By Ian Jordaan
1. Uncertainty and decision-making -- 2. the idea that of chance -- three. Distributions and expectation -- four. the concept that of software -- five. video games and optimization -- 6. Entropy -- 7. Mathematical features -- eight. Exchangeability and inference -- nine. Extremes -- 10. possibility, defense and reliability -- eleven. facts and simulation -- 12. end
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Extra info for Decisions under uncertainty : probabilistic analysis for engineering decisions
6 Terminology, notation and conventions Most of what will be said in the following arises from conventions suggested in many cases by de Finetti. These changes assist considerably in orienting oneself and in posing problems correctly, making all the difference between a clear understanding of what one is doing and a half-formed picture, vaguely understood. As noted previously, by far the most common problem arises from the fact that much previous experience in probability theory results from dealing with ‘repetitive random phenomena’: series of tosses of a coin, records of wind speeds, and in general records of data.
A similar bet could be used to define Pr( E), ˜ for a contract which gives us the quantity ‘s’ if E˜ occurs. 3(a) and (b) that the bet on E˜ (in (b)) is just the negative of the bet on E˜ when Pr(E) was defined (in (a)). 3(b) is equivalent to selling a bet on E for ‘ ps’ with a fine of ‘s’ (rather than a reward) if E occurs. 3(a) and (b) we have accepted that p + p˜ = 1. If this is not the case, what happens? Let us then assume that ˜ are assigned to E and E˜ respectively. 3. 4. The assignment of probability means that the assignor would be willing to pay $80 and $30, a total of $110, for bets on E and E˜ respectively, and receive $100 in return should either happen, a sure loss of $10!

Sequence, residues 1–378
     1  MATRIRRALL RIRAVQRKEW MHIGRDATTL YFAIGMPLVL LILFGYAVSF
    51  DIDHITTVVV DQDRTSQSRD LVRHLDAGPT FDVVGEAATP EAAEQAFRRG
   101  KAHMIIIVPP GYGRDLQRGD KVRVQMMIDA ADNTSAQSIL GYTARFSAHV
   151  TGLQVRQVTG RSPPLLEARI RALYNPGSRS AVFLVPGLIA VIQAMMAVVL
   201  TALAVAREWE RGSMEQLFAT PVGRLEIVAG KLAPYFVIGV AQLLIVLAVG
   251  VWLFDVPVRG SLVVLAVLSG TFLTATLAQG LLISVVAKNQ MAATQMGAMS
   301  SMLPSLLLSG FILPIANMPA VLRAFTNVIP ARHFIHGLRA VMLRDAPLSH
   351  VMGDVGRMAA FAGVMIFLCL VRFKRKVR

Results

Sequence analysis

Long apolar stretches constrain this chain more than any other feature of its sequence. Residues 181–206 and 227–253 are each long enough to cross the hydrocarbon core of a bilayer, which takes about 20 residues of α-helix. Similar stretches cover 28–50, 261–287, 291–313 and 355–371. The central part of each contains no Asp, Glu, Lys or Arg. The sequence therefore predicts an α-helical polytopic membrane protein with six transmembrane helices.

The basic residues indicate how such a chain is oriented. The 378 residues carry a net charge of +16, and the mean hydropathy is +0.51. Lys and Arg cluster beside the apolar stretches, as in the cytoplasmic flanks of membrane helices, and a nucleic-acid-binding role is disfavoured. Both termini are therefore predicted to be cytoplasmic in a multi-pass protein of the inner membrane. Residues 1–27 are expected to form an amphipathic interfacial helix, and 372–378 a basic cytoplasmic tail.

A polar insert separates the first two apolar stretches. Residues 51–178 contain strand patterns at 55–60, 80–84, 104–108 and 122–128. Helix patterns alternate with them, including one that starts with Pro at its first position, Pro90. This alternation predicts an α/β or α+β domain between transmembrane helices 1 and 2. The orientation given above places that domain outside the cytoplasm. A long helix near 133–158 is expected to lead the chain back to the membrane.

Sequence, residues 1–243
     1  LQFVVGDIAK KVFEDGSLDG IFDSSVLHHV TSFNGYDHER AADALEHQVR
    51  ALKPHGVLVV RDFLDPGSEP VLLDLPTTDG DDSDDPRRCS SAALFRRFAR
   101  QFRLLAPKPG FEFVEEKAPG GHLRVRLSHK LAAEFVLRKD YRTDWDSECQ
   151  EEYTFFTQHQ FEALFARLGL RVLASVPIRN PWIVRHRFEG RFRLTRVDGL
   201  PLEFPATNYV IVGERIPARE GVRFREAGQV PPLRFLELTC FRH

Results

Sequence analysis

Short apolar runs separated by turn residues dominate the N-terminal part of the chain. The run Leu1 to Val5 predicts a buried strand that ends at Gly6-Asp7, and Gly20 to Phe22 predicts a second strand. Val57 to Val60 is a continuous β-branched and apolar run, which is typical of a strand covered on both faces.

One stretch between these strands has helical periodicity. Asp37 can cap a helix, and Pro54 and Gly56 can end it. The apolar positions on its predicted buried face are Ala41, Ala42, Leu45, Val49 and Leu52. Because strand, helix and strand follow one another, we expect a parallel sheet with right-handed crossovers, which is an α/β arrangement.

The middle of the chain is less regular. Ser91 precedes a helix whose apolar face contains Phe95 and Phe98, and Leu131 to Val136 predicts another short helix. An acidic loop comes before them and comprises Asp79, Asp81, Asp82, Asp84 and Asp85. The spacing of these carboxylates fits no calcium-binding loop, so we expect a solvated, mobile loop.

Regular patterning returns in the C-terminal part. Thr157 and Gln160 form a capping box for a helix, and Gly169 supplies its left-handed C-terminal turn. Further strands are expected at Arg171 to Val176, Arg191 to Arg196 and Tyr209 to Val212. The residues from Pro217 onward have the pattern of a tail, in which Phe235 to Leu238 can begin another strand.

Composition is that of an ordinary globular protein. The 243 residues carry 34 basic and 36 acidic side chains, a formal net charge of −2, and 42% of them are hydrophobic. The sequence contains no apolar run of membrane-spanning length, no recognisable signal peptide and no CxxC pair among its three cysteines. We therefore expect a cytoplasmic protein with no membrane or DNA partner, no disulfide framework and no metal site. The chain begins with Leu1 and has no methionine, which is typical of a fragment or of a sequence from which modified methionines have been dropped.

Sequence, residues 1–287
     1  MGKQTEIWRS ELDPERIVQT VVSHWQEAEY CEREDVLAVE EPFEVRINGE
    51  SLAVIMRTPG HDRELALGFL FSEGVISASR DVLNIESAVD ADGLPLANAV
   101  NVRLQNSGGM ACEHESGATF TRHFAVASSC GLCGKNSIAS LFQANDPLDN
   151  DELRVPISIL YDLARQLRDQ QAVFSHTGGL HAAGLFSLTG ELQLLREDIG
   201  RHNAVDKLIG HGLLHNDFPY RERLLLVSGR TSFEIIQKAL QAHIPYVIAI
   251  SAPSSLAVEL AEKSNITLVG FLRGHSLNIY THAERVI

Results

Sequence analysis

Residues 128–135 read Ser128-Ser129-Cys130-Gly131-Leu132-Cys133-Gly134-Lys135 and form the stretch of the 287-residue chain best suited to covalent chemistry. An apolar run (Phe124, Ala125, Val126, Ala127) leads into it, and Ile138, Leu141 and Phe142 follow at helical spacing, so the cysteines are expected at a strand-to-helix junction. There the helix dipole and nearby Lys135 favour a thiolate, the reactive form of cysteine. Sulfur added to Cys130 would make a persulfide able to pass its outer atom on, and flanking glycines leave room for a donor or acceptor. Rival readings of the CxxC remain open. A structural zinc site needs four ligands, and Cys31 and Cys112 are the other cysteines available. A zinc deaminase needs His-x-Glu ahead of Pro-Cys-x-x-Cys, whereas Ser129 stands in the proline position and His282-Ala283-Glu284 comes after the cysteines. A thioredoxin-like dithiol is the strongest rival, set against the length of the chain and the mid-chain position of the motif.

S∈ / S; s is not a member of S. 5(b). 5(c). The word ‘or’ is interpreted as meaning those sample points that are in A and B or both A and B. A ∪ B is sometimes written as A + B, but this contradicts our logical notation so that we shall not use this notation. 5. 5(c). The intersection A ∩ B is sometimes written as AB, which is consistent with our logical notation. 1. 2. 3. 4. For sets and for logical operations ∨ and ∧, both union and intersection follow the associative, commutative and distributive rules, for example A ∪ B = B ∪ A, (A ∩ B) ∩ C = A ∩ (B ∩ C), and so on.